A 19th Century Boro Panel: Katazome and Many Patches
ca. mid to late nineteenth century
64" x 13", 162.5 cm x 33 cm
Please make sure to view all the photos of this fantastic, old boro cloth--the reason is that this indigo dyed cotton panel from a futon cover is equally interesting on both its sides.
The proper inside of this patched and stitched panel shows a great deal of just that: layers of patching and stitching. And it is beautifully done, and is quite dense in mending and rich in stitching.
The back of this cloth--or what would have been its proper outside--is a simply beautiful example of katazome or stencil resist dyed cloth. The pattern which is shown is complex: it is a combination of arabesque (or karakusa) and roundels showing pine, bamboo and plum blossoms, the combination of design motives being called shochikubai in Japan.
Shochikubai is a classic, auspicious pattern and it is often used for cloth to be included in a bridal trousseau. The plum is the first bloom to burst forth from the winter's ice and is symbol of strength, the bamboo bends but does not break so it is a symbol of resilience, and the pine, of course conveys a wish for longevity. Also, pine needles fall in pairs, and thus they are a motif often used at weddings.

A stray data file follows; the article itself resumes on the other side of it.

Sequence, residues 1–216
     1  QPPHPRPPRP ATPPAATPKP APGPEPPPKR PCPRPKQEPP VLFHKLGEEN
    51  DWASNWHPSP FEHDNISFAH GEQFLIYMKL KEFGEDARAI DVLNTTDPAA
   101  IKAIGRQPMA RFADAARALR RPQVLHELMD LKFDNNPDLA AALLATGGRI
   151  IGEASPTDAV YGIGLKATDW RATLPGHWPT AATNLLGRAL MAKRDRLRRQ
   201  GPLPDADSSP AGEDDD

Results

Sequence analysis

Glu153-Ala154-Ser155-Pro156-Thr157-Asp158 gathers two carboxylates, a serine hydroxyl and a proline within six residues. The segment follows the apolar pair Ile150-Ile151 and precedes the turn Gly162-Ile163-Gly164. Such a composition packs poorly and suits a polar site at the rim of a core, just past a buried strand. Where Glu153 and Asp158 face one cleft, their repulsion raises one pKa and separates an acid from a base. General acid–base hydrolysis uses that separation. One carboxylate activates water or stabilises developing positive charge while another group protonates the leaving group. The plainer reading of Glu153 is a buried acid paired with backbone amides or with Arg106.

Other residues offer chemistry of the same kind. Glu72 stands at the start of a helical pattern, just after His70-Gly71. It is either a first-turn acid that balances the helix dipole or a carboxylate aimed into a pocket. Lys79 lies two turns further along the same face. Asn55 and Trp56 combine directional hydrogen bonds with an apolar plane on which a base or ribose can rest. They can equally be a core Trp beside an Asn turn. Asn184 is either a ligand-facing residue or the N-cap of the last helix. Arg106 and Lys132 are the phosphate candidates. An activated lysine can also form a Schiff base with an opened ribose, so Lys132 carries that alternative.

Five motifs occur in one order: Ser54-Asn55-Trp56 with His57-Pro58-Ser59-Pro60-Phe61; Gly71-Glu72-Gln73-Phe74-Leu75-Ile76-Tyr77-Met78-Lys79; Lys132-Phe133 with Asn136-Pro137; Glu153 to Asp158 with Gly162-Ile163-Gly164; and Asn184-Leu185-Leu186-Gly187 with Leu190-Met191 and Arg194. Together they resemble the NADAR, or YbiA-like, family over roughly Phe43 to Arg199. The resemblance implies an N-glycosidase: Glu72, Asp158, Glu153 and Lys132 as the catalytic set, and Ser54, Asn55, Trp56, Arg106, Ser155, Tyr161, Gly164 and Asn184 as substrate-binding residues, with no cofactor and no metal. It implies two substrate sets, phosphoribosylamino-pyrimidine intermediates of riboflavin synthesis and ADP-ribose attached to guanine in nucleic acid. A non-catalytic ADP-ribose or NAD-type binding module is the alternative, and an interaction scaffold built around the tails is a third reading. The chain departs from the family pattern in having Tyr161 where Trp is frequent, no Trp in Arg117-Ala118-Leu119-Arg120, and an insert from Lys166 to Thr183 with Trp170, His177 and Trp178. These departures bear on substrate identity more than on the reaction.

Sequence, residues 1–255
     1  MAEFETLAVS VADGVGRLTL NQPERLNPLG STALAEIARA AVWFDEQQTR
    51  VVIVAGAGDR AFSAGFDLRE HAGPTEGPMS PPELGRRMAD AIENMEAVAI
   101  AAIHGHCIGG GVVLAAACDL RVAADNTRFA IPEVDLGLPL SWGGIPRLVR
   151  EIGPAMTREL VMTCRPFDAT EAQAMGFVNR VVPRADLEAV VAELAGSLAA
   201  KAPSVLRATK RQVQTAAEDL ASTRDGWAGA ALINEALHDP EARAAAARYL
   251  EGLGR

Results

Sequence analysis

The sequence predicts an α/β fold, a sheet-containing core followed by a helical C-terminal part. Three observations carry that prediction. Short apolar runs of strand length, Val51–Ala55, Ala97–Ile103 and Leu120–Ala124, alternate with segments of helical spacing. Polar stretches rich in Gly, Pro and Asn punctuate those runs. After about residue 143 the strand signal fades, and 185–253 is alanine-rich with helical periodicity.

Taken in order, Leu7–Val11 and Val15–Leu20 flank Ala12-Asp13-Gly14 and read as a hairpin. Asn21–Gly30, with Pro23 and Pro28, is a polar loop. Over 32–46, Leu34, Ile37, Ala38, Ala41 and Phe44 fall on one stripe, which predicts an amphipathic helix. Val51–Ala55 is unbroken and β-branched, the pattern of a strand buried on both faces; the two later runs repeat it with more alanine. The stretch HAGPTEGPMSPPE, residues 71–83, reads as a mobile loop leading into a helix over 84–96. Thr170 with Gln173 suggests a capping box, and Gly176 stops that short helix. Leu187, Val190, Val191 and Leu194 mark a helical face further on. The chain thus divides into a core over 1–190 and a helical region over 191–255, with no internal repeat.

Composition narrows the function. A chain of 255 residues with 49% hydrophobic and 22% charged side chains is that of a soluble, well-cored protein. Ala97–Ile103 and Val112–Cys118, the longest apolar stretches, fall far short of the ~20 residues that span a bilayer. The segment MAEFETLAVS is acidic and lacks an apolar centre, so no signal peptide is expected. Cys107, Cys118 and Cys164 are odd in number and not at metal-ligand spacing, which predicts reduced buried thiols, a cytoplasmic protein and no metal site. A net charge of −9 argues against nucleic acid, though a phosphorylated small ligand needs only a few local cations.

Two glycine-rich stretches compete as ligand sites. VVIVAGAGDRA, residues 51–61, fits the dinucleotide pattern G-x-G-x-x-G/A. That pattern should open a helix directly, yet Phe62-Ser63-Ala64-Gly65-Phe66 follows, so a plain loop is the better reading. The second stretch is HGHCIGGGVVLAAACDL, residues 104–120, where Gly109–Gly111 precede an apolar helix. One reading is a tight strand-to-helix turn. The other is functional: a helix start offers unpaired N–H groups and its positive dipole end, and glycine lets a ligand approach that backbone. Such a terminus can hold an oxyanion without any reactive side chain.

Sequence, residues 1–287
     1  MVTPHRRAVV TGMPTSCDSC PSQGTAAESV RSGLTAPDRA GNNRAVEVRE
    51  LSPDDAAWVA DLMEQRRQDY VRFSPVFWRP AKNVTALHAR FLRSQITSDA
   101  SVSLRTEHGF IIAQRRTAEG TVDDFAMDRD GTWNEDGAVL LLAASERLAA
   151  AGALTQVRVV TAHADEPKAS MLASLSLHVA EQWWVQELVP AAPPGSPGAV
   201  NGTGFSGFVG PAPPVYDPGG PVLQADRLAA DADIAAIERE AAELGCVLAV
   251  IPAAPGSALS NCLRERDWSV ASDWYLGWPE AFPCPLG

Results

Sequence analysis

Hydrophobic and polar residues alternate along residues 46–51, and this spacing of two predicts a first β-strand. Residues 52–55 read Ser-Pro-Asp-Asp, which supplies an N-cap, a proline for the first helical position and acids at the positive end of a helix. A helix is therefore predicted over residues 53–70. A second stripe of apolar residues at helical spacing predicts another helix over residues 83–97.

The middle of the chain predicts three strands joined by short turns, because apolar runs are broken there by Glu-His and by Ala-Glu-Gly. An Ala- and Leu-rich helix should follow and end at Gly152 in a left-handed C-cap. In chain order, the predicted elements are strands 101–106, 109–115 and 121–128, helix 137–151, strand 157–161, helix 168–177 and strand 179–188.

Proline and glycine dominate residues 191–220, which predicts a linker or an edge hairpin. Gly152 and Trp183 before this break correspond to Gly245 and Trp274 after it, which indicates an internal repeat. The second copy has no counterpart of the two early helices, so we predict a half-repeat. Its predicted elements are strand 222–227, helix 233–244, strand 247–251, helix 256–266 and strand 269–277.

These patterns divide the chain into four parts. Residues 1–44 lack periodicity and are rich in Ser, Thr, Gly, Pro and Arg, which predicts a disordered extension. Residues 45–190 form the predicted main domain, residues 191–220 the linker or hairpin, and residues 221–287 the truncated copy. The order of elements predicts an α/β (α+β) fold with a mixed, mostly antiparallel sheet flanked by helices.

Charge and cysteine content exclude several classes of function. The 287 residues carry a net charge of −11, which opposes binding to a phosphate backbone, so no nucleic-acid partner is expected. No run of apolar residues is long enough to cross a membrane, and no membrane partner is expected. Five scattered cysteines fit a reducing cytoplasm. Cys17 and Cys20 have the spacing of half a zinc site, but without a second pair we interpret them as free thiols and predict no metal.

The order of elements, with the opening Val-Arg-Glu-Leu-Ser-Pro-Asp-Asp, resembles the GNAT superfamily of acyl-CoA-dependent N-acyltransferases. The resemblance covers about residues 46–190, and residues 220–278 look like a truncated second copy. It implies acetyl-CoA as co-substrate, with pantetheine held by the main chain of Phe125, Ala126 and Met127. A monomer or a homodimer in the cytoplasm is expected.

The hand spun, hand loomed cotton of this katazome cloth is just fantastic; the fading and oxidation to the image, as well, is lovely. There appears to be some very, very faded touches of benibana or safflower dye that can be detected in this design--benibana yields an orange-red color and is light fugitive.A fantastic length of old, boro cloth.